Homes for 100,000 refugees
1 N the southern Vietnam capital of Saigon, where 20,000
refugees have arrived by sea and air from the Communist north, Bishop Pham Ngoc Chi, Vicar Apostolic of Bui-chu, is starting work this week on the construction of 40 villages for the resettlement of about 100,000 of the displaced population.
The Government has given him nearly 5,000 acres between XuanLoc and Bien-Hoa and the construction will bo carried out with Government co operation and American aid.
Each village will hold about 2,500 people.
"So that the evacuees will not sink into inaction," says the Bishop, "and above all to enable them to earn their own living, we shall engage them to labour on the construction work.
"Each village will have its own school, infirmary and water well. We hope eventually to be able to install electric lighting.
Homes for all
"I want to make it clear that these villages will not be organised exclusively for Catholics but will be there for all evacuees without distinction of class and religion. The work must start at once."
The battle of evacuation is working out better than French observers originally expected. But the numbers arriving in Saigon are still far short of the figure of nearly 1,000,000 needed if the elections are to be won by the antiCommunists in two years' time.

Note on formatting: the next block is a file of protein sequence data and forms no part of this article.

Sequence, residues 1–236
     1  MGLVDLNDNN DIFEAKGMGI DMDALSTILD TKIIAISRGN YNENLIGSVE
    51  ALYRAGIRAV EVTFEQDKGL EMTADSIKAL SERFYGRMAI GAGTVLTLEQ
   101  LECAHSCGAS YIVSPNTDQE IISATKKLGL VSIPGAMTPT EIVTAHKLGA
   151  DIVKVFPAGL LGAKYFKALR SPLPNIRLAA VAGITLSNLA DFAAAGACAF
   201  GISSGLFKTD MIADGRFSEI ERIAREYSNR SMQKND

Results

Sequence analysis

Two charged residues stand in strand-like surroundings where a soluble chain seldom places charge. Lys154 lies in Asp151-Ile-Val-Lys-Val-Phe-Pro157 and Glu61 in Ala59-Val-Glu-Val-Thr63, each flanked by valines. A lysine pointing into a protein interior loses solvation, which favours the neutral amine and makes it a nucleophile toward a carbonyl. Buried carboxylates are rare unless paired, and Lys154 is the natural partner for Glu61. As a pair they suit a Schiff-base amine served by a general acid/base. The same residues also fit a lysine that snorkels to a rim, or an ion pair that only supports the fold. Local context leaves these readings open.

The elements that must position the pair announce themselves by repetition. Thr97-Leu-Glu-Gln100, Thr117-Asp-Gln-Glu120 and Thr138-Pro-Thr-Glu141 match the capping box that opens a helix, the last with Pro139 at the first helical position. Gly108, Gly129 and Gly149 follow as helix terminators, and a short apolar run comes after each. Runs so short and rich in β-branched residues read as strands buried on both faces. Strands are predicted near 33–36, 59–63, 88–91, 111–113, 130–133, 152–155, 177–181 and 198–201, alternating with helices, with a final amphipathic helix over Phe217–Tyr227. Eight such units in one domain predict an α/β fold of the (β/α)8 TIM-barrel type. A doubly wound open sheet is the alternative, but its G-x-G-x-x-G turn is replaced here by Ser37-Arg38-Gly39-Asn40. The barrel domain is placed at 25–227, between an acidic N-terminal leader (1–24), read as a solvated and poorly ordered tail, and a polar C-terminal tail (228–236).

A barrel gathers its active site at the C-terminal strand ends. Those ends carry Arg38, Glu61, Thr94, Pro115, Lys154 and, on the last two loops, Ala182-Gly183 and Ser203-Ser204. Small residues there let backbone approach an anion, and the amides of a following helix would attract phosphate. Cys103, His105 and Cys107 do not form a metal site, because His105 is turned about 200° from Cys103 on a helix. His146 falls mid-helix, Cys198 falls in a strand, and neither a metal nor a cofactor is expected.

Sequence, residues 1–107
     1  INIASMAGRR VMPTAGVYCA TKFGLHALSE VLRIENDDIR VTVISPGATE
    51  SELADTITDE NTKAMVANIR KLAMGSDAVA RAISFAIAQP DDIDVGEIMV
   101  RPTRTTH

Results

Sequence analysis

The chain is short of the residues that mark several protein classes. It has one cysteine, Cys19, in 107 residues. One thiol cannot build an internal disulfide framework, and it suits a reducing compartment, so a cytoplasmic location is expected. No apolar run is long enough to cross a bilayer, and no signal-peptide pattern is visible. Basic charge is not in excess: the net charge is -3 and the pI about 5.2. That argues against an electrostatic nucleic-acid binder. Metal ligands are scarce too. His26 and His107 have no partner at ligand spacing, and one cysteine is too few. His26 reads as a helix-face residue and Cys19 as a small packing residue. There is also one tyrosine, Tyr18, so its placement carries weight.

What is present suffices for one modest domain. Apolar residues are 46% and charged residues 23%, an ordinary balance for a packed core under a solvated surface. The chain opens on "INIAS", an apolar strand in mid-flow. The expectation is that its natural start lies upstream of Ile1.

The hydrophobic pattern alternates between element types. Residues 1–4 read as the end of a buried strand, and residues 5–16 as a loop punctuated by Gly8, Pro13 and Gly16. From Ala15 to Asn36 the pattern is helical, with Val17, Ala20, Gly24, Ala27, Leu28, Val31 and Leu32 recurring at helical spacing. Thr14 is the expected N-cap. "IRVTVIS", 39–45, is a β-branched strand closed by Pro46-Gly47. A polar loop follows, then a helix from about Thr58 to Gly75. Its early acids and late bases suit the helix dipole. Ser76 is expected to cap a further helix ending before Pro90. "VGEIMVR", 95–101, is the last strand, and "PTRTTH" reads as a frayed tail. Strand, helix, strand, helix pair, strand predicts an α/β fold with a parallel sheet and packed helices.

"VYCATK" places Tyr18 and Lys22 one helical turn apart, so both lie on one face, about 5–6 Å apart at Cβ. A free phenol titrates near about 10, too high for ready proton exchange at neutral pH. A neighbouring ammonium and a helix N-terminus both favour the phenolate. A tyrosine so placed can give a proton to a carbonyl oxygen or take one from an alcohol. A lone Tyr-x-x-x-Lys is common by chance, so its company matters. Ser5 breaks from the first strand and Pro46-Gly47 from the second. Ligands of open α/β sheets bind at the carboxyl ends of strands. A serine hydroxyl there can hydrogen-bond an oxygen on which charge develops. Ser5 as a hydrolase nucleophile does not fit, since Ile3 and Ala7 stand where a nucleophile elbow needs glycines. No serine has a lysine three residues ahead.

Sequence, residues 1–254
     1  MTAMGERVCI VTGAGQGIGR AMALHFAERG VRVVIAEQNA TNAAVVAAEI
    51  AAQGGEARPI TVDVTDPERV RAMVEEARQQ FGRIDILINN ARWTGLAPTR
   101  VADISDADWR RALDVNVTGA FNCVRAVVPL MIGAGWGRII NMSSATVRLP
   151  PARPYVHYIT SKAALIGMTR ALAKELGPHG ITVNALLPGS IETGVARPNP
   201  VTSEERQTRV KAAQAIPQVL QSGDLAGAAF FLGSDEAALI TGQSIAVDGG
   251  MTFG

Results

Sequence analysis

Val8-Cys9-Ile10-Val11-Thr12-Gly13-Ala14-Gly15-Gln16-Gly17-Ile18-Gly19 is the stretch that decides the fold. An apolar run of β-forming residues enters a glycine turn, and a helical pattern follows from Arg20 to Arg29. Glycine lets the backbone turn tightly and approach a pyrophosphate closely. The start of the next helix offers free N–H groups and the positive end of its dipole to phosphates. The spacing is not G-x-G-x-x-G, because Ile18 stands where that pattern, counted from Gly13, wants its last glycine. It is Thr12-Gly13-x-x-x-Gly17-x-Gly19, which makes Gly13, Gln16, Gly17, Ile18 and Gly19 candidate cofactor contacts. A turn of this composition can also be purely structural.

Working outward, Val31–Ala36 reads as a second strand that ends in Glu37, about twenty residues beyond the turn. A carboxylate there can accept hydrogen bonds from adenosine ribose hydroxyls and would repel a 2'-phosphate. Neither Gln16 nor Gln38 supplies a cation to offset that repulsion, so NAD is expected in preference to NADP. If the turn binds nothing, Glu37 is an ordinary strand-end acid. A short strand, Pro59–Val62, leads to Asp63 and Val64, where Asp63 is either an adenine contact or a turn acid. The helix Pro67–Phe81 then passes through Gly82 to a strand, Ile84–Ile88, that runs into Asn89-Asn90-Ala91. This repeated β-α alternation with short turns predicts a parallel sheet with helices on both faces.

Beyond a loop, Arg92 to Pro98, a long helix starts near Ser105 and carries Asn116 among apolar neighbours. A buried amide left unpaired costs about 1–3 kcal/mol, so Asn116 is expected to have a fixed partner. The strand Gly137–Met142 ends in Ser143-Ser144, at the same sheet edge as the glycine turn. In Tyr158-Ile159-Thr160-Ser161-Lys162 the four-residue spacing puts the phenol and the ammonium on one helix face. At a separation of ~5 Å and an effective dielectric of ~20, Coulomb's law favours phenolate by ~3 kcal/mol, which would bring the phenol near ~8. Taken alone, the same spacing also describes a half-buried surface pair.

But there is time yet—and tens of thousands of evacuees are said to be waiting in the north for their turn to be taken below the 17th Parallel.
Celebrating the ninth anniversary of his proclamation of the Vietnam Republic as an independent democracy, Ho Chi Minh, the Communist leader, said last week that the mission of Vietminh will not have been accomplished until the peace is consolidated, the whole country is unified, and the country's independence and national democracy perfected.
He reiterated his order that the property of foreigners, including that of French nationals presumably, should he respected.
He said that officials who worked for his adversaries may be reinstated if they "are desirous of serving the people."
And he insisted that national policy must be favourable to commercial employers as well as to the State and the working classes.
French commentators attribute Ho Chi Minh's apparent moderation to a fear that "too much agitation, too blatant propaganda, or too brutal success" may provoke his enemies to try to prevent the elections or even to take up arms again.
In the north the Communists continue to menace those who seek to enrol themselves for evacuation. Every family is compelled to reveal the details of all its possessions, even down to the odd pair of old slippers.
In Nam Dinh the electricity is believed to have been cut so as to prevent the people from listening to the radio. And girls whose hair was found to be wavy have been compelled to walk through the streets with shorn heads.
Knowing they would inevitably share the fate of their brethren at Thanh-Hoa--people's tribunals and imprisonment—if they stayed in the north, at least half the Vietnam clergy have moved south of the 17th Parallel.
All the Catholic schools of Hanoi and Haiphong have been evacuated as have most of the Young Christian Workers and Christian trade unionists.